McKinley Park School—Whole School Arts Integration

The breadth of the arts integration work at McKinley Park School may be its most remarkable feature. With arts content and programming having a place in every classroom and in all of the curriculum development, McKinley Park practices true whole school arts integration.

Frances Garcia, the principal at McKinley Park, seeks classroom teachers who express openness to art and a desire to implement whole school arts integration into their classroom practice. She engages parents, staff, and the community in fundraising and in other volunteer efforts to help the school meet its goals.

Defining Arts Integration

For Frances Garcia, arts integration must provide students with authentic experiences that are ongoing and positive. “We are instilling a love of art from Pre-K on through the grades,” she says. Ms. Garcia is enthusiastic about the “dynamite teachers who are teaching the arts with a touch of culture.” Her teaching team includes bilingual support and cultural awareness teacher Alejandro Ferrer. He believes the arts integration approach has the potential to make a deep impact on students. “We are trying to captivate the science of the intellect and the soul, bringing them together to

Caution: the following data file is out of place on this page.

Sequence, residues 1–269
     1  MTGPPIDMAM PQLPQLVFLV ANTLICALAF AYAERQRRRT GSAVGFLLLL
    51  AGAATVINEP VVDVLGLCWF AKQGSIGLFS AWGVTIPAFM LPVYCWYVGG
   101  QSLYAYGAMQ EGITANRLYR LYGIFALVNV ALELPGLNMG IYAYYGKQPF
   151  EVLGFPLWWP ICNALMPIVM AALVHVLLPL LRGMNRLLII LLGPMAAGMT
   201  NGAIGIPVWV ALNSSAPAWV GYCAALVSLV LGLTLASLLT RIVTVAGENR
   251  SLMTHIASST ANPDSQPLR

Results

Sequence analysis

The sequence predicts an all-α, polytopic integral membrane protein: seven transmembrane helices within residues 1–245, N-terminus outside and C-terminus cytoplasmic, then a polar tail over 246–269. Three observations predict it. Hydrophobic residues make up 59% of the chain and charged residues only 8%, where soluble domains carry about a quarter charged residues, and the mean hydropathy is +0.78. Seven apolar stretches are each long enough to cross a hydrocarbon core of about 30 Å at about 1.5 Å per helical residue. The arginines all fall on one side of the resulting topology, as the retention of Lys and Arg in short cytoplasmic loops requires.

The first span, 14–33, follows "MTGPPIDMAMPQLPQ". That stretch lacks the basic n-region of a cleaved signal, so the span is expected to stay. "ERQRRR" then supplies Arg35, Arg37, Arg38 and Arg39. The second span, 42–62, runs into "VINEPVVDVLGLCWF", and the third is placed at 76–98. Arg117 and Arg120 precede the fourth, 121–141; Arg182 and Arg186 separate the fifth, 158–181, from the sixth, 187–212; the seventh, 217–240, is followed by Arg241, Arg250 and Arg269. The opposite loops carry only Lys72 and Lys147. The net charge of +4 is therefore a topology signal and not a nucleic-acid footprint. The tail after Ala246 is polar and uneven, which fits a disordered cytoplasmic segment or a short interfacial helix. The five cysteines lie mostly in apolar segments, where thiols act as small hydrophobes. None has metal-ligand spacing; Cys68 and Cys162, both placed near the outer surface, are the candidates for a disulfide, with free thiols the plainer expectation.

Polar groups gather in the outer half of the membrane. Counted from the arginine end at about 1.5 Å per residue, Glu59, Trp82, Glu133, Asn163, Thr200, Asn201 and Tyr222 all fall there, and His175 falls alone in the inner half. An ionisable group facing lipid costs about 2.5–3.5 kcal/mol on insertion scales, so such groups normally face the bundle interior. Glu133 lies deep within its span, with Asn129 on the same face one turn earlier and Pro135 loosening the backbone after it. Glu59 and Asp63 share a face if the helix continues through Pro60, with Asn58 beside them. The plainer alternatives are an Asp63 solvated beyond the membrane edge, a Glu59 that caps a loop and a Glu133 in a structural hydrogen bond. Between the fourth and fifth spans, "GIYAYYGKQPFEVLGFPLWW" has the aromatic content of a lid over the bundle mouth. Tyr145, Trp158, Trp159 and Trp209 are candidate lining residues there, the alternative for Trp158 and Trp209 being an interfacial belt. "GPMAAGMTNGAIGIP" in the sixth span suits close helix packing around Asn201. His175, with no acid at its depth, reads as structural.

make a complete child.”

Program Structure and Methodology

Ana Romero, a National Board certified fine arts teacher, provides visual art instruction to students in all grades during 40-minute sessions occurring two or three times each week. Her curriculum develops organically from other disciplines taught at each grade level. Other arts programs take place before and after school. Ms. Garcia directs a folkloric dance program, Mr. Ferrer directs the poetry program, and the fifth grade teacher conducts the drama program.

Leadership is a key, according to Ms. Garcia. “It starts with someone for whom the arts are a priority.” She emphasizes that if principals can communicate their positive vision of the importance of the arts, teachers will support the arts integration approach and make it a success.

Putting the Program into Action

Social studies, 3-D visual arts, dance, and cultural awareness all blended in a whole school arts integration project about the Aztec Empire. During this social studies unit, Mr. Ferrer, with the support of Ms. Garcia, worked with students, staff, parents, and other community volunteers to construct a 20-by-30-foot model of the city of Tenochtitlan. It depicted the city as it existed in 1519, when the Spanish explorer Hernán Cortés first arrived in Mexico. The group’s detailed design included Tenochtitlan’s elaborate system of canals and chinampas, the artificial islands of arable land that supplied food sold in the city’s central market. The model also showed Moctezuma’s zoo, which might have been the world’s first. Students used clay, plaster, and wood to build the model. At the culmination of the project, this large-scale model was displayed at the McKinley Park School gymnasium, the rotunda of the James R. Thompson Center, and the Newberry Library. The school’s folkloric dance group performed at the opening ceremony of the library exhibition. Local newspapers chronicled the tour.